Back when Ralston Turner was playing basketball at N.C. State, he remembers seeing fans in “Beard Gang” T-shirts that paid homage to his facially hirsute teammate Richard Howell.
Turner is a financial adviser with Morgan Stanley in Raleigh now, so his mind naturally veers to the monetary, but those shirts bubbled back to the top of his mind on Wednesday, the so-called NIL Eve, as the NCAA approved a policy that would allow athletes to capitalize on their name, image and likeness rights beginning Thursday.
In North Carolina, where there’s no state law, individual schools will set the boundaries for their athletes, but it basically means any college athlete can now do advertisements or endorsements and monetize their social-media accounts without losing their eligibility as they would have in the past.
Or sell T-shirts.
“That could have been his brand,” Turner said. “He could be making money, looking around PNC and seeing that Beard Gang merchandise. If you’re Richard Howell, pushing out T-shirts and merchandise — yo, you could make a pretty penny.”
Thursday is a new day for college sports as we know it. For the first time, athletes won’t be stopped from capitalizing on their NIL rights. The ways to do that will be limited only to athletes’ imaginations, within the guidelines set by their schools. Those were just being conveyed to athletes here on Wednesday night; the NCAA’s new rules prohibit players being paid for performance or as a “recruiting inducement” and some schools may choose to draw lines between athletes and boosters.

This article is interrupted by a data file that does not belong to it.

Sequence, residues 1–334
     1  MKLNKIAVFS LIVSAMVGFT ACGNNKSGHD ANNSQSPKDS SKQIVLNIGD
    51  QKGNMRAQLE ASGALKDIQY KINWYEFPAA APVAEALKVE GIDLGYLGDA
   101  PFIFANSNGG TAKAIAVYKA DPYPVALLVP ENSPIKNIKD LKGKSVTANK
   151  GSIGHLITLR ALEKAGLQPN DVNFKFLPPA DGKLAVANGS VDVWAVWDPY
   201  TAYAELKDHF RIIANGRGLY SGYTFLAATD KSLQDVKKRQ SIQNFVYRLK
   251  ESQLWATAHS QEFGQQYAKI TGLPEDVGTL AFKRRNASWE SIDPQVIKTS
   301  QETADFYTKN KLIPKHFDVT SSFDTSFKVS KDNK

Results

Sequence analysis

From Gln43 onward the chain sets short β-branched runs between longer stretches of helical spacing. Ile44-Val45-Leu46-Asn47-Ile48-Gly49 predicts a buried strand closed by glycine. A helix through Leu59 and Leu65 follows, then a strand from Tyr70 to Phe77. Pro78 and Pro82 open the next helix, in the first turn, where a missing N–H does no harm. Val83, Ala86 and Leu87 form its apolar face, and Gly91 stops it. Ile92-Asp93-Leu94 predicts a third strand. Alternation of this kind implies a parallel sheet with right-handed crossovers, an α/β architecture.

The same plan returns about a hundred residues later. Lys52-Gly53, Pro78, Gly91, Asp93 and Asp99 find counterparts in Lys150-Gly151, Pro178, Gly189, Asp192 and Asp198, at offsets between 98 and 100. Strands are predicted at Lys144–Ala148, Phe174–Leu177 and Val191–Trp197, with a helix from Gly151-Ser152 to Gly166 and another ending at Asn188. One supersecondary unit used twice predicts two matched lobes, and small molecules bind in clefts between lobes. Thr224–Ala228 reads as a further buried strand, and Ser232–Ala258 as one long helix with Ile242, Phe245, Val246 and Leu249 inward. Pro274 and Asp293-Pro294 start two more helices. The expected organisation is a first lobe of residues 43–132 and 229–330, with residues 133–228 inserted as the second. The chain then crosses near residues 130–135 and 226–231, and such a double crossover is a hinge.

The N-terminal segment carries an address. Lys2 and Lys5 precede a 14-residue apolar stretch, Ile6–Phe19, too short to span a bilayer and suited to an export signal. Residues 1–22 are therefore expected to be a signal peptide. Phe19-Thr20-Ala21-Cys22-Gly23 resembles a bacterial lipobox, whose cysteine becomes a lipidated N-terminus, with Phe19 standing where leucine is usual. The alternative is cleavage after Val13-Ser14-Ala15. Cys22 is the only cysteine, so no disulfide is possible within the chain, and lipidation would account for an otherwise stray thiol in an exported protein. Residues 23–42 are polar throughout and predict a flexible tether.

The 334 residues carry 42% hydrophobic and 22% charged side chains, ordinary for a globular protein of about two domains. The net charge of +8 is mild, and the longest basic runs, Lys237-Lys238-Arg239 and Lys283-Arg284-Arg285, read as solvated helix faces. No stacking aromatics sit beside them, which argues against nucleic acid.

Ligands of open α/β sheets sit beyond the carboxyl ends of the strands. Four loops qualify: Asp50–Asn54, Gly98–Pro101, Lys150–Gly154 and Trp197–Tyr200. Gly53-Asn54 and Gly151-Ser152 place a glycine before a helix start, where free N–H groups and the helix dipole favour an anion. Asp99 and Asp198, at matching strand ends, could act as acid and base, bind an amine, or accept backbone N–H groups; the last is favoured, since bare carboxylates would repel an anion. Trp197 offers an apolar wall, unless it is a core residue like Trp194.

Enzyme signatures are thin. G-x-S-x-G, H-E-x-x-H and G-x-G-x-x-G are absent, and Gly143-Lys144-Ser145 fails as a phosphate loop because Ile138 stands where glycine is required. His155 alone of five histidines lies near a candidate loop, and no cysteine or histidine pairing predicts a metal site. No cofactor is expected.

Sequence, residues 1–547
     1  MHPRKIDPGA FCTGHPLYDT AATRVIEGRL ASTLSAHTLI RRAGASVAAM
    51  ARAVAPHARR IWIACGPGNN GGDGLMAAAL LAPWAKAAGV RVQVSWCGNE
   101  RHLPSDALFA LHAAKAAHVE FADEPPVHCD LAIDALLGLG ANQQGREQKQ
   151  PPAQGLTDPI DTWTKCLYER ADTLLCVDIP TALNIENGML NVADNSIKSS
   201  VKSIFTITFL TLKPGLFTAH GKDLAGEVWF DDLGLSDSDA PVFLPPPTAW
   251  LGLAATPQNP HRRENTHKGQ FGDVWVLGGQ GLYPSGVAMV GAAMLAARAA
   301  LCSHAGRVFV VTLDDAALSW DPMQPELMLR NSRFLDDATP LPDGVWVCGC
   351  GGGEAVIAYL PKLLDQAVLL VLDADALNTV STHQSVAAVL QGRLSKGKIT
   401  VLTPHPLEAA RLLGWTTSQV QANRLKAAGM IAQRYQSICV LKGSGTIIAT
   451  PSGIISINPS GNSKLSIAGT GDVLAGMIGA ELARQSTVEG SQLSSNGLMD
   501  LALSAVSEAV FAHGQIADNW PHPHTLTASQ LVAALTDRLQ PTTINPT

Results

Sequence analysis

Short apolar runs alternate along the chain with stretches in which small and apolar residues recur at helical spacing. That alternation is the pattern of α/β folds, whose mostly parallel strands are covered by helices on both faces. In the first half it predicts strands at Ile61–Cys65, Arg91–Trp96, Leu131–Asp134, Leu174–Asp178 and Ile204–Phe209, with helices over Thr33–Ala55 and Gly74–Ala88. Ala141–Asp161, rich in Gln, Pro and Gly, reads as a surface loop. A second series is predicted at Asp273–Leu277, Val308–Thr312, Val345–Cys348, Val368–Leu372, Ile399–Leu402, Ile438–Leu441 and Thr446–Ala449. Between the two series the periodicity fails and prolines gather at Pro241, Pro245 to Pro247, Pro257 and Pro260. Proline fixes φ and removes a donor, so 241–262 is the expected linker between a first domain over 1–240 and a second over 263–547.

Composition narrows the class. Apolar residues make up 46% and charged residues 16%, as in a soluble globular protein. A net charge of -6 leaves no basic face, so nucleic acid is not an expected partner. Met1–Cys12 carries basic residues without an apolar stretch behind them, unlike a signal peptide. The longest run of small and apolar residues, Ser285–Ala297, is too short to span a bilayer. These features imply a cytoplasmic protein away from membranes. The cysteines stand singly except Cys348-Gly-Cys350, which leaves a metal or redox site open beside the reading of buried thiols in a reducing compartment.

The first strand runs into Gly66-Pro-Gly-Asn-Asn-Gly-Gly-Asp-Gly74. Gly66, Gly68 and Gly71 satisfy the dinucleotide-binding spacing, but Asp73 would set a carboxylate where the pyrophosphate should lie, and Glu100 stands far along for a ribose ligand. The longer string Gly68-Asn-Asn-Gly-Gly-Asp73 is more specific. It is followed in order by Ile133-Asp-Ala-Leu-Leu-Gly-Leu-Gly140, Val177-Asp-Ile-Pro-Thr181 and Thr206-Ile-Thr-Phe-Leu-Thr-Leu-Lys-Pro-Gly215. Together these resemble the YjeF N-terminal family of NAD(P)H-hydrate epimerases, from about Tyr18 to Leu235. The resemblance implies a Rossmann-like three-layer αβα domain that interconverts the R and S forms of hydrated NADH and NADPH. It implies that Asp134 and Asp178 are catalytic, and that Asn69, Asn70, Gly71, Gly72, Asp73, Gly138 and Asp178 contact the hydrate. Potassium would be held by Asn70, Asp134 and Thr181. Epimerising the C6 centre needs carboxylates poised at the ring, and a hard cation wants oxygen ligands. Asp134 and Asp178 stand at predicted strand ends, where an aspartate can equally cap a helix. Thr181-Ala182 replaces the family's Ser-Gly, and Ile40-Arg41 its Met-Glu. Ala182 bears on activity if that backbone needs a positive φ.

But in any case, it has been a long time coming.
“This is a big deal, specifically for athletes in Olympic sports or baseball that operate more on partial scholarships than they do on full scholarships,” said Peyton Barish, an N.C. State track and cross-country runner from Cary who is also a vocal critic of the NCAA. “It gives them the opportunity to potentially cover tuition, especially when the NCAA and Division I athletics demand so much of you, in terms of having to sacrifice your potential dream major or other sacrifices outside of athletics.”
So: What will an NIL world look like?
‘The possibilities are pretty infinite’
Most of the mass-media attention is focused on traditional advertisements and endorsements, like the kind professional athletes have. For some of the biggest names, a Trevor Lawrence or Zion Williamson, that may take the form of multimillion dollar national deals. Some star players may get smaller deals with local car dealers or restaurants.